Research and impact | By John Stevenson

Research: Sea lions could point the way to the monitoring of riverbed erosion

A recent study conducted by Professor Christoph Bruecker and his team revealed a novel correlation in the way sea lions and rats use their whiskers to monitor underwater events that trigger riverbed erosion.


The research could make way for the online monitoring of the environmental impact of large cruiser vessels on the river bed in the shallow waters found near urban settlements such as London, Venice and Amsterdam, providing warnings of high flow speeds close to the riverbed.


The paper, titled Seal and Sea Lion Whiskers Detect Slips of Vortices Similar as Rats Sense Textures, finds that in the same way rats use their whiskers to detect textures and hard surfaces on dry land, sea lions use their whiskers to detect swirling fluid elements called vortices in the water in which they move.


Using a specially equipped water tank in City’s Aeronautical Engineering laboratory for sea lion simulations, the team mapped the typical signatures used by sea lion whiskers to detect such vortices, which signal whether prey has swum into a region.


According to Professor Bruecker, City’s Royal Academy of Engineering Research Chair in Nature-Inspired Sensing and Flow Control for Sustainable Transport, and Sir Richard Olver BAE Systems Chair for Aeronautical Engineering, “pinnipeds such as seals and sea lions use their whiskers to hunt their prey in dark and turbid situations. There is no theoretical model or hypothesis to explain the interaction between whiskers and hydrodynamic fish trails. The study, however, provides a theoretical and experimental insight into the mechanism behind the detection of the Strouhal frequency from a Von-Karman vortex street, similar to that of the inverted hydrodynamic fish trail. The flow around a 3D printed sea lion head, with integrated whiskers of comparable geometry and material properties to a real seal lion, is investigated when exposed to vortex streets generated by cylindrical bluff bodies”.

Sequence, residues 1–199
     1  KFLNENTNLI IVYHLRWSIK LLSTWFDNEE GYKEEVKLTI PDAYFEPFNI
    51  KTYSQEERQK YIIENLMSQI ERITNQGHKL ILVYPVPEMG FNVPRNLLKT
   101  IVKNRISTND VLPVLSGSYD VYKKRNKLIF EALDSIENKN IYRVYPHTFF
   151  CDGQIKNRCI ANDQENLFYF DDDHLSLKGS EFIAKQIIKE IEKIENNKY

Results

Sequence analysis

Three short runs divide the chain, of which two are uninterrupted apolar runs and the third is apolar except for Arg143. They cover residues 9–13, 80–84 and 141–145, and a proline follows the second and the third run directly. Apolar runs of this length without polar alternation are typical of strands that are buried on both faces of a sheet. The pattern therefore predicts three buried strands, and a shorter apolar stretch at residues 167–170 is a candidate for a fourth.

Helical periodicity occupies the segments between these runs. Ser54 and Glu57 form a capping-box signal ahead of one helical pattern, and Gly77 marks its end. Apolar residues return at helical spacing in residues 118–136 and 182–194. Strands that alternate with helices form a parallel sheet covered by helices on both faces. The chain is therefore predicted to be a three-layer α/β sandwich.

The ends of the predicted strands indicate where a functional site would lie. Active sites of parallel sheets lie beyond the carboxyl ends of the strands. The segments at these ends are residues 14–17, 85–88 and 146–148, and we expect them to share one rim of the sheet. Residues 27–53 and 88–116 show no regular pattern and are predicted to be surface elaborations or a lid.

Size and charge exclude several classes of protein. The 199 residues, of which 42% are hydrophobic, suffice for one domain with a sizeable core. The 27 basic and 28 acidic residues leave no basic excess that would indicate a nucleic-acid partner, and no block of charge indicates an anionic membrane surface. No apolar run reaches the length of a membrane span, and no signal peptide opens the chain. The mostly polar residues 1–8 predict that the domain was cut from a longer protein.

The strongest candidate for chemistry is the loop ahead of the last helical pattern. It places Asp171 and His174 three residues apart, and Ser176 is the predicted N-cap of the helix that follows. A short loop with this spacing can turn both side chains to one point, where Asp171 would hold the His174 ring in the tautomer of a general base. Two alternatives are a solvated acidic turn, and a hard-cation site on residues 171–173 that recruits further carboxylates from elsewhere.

Professor Bruecker has transferred the idea of sea lion whiskers to arrays of bio-inspired optical flow sensors, which are submersible and can remotely monitor the vortices passing over the riverbed to detect strong events that may trigger erosion processes.


Having sought support from the Engineering and Physical Sciences Research Council, discussions are underway with the River Thames Restoration Trust to mark out and implement a test area on the Thames for the first trials of the monitoring system.